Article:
Here’s this week’s excerpt of BIG HORN, leading up to its 6/1 release. Did you miss the first few excerpts? Get them here:


Chapter One:

Chapter Two:

Chapter Three:

Chapter Four:

Chapter Five:

For anyone that pre-orders the BIG HORN Kindle ebook, you’ll get BUCKLE BUNNY, a Wyoming suspense novella. Free. Included with your ebook. You can do that here:

With no further ado, here’s your last excerpt: Chapter Six of BIG HORN:

Big Horn, Wyoming

A dusty wind blasted Jennifer as she hurried onto the back deck-combo-bathroom. She lifted a hand in front of her face, thinking about all of the unread and unlistened-to messages from yesterday. Sure, she’d browsed social media at dinner when she was trying to get Maggie to leave her alone, but she hadn’t checked in with work. She didn’t usually unplug for this long. Now, according to her Caller ID, Quentin Jackson was calling. The Quentin Jackson, political party chairman for Harris County. She barely knew the guy. Above my pay grade. Why’s he calling me? And his call request was for a Facetime. Ugh.

She wiped under her eyes with her shirt, smoothed and refluffed her hair, then pressed accept. “Quentin. This is a surprise.”

The screen filled with a distinguished, craggy face dominated by a dapper white mustache. The man was a power broker, old enough to be her father, and he’d hit on her every time she’d come within ten feet of him. His voice was so vibrato that she felt it through the speaker. “Jennifer. You look lovely as always. How are you, dear?”

If he’d been her grandfather, she wouldn’t have minded his lead-in, but as head of the Homicide Division of the Harris County DA’s office, being called “dear” rankled her. “I’m fine. I’m on a jaunt to Wyoming, so I apologize for,” she gestured around her, “the great outdoors.”

“I’ll make this quick since you’re on vacation. Two words: district attorney. You in?”

Jennifer felt her forehead furrow and tried to smooth it. She wished she’d slept last night. And hadn’t had so much to drink. Maybe then this call would make sense. “I’m sorry?”

“How would you like to be the youngest female district attorney in the history of Harris County? The party wants you on the ballot next year.”

Her brain froze. Literally, blue screen and static. DA was a big leap from being lovely and a “dear.”

“Jennifer? Are you alive?” He laughed. “Do you need a bucket of cold water? A defibrillator?”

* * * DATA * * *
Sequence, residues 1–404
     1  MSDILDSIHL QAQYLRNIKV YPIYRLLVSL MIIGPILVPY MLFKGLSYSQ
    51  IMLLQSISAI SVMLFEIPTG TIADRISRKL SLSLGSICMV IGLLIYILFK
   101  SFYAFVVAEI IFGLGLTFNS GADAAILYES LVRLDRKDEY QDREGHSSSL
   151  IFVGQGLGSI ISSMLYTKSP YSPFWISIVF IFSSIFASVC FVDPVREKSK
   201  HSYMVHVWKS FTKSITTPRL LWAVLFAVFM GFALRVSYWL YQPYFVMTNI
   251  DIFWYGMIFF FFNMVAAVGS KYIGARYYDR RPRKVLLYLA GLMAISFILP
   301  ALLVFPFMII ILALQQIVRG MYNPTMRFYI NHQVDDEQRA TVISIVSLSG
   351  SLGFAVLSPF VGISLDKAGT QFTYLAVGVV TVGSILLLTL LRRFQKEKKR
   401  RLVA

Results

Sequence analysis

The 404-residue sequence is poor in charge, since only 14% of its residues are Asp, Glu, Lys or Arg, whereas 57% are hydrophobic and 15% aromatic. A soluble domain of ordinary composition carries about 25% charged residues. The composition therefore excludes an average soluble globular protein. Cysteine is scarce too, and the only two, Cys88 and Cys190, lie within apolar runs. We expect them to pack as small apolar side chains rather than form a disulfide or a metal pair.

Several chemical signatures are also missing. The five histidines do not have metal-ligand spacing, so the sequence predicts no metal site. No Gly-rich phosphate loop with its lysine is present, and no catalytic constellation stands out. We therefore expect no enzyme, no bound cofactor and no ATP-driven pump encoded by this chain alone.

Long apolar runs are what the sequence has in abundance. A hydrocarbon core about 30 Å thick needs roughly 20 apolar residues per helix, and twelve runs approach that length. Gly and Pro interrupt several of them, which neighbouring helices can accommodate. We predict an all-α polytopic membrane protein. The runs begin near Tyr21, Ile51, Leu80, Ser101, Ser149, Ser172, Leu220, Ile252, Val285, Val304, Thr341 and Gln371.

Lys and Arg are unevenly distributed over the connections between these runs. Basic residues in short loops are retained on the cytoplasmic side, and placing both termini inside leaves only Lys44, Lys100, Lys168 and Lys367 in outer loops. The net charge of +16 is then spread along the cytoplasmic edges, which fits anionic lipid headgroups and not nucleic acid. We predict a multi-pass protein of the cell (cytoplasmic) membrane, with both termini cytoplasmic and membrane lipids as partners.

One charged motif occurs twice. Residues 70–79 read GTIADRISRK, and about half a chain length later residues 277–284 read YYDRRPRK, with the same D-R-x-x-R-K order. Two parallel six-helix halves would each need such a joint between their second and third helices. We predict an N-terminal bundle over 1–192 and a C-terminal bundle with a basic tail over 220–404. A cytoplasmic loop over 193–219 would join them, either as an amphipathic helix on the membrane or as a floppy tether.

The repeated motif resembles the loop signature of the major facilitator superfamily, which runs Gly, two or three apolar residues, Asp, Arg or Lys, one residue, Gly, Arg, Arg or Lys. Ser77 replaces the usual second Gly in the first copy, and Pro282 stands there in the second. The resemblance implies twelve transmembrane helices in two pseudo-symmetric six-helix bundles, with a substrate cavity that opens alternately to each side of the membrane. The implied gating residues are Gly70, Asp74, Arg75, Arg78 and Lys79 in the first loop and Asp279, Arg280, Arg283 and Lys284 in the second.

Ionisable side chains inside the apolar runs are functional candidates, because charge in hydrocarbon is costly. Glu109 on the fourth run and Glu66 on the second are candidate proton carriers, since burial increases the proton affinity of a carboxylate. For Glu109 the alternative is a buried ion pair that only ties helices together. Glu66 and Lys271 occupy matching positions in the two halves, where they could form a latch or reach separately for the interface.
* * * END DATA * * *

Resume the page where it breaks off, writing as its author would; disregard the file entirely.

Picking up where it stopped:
“Yes. I’m sorry. I’m just . . . shocked. And flattered, of course.”

He pulled the end of his mustache. “The party has had its eye on you. You’ve got the best win rate of any ADA in the office. You’re the hardest worker. You have experience across all the major divisions. Your win this week was extremely high profile. And people like you, for the most part. We think you’d be a unifying candidate. All you need to do is say yes.” 

People liked her for the most part?!? She didn’t pursue it, but she wondered which bastards had been bad mouthing her. Evan, probably. He’d joined the office a few years before her and headed up the Sex Crimes Division. When she’d been put in charge of Homicide, he’d been her most vocal critic. Take that, Evan, she thought. It was her getting the call to run for DA, not him. Everything in her wanted to say yes, but she couldn’t commit to something this big without thinking about it. And talking to Aaron, of course. Besides, if she just blurted out “YES!!!” she’d come off as desperate.

She smiled. “Um, maybe?”

His exaggerated frown was a little patronizing. “Probably is better than maybe.”

“Probably. But it’s a big ask, and I need to discuss it with my husband.” 

“Fair enough. We need you both all in. I don’t have to have an answer today. Can you get back to me by the end of this week, darlin’?”

She couldn’t wait to tell Aaron. He would be thrilled for her. “Yes.”

“There’s that word I was looking for.”

She laughed. It was tinny and sounded slightly manic. Was this really happening? She’d dreamed of running for district attorney. Someday. Like, in ten years. She looked around her at the camp potty and shower pail. Remembered the dead body in the hole only yards away. Yes, this is real. She couldn’t have dreamed up anything this strange. “Thank you, again. I appreciate the party’s confidence in me.”

“Have a nice break.” His picture disappeared.

She did a happy jog in place, pumping her arms and punching the air as she lifted her knees. Her moves segued into a hip swiveling victory dance, one she’d been doing since her high school cheerleading days. “I’m gonna be the DA, I’m gonna be the DA.”


She wheeled, mid-dance, to find her husband and Liam. The dog flopped down on the mat outside the back door.

Aaron crossed his arms. “Do you have sun stroke?”

She threw her head back and laughed. “No. I have news. Big news.”

“Me, too.”

That surprised her. They’d only been apart for five minutes. Aaron had been doctoring Liam and babysitting George. “You go first.”

“Okay.” Aaron wiped his hands on his hips. “Well, here goes nothing. George said if we want to take this place off his hands, he’d throw in Jeremiah.” 

Jennifer stared at him, waiting for the punchline. When none came, she said, “This place—the one where a murder happened last night? The one in Wyoming? 

Aaron sucked in a deep breath and started talking faster. His eyes were doing that gleaming thing again, like topaz on fire. “We could have the life we always dreamed of. I could be a country vet.” He jerked his thumb over his shoulder. “The cottage would be a perfect office for you after we fixed it up. You could write murder mysteries. We’d have pets and—”

She held up her hand and interrupted him. “Talk about sun stroke. Are you out of your mind? We can’t buy this place.”

“Sure, we can. We have more money than we know what to do with.”

“I’m not talking about money. I’m talking about our life. Your vet practice. Coaching kids. My job. Which, by the way, just got a lot more interesting. Brace yourself for my news.” She savored saying the words aloud for the first time. “The party chairman just asked me to run for district attorney. Me—district attorney. I’ll be the youngest female DA in Harris County history if I’m elected.”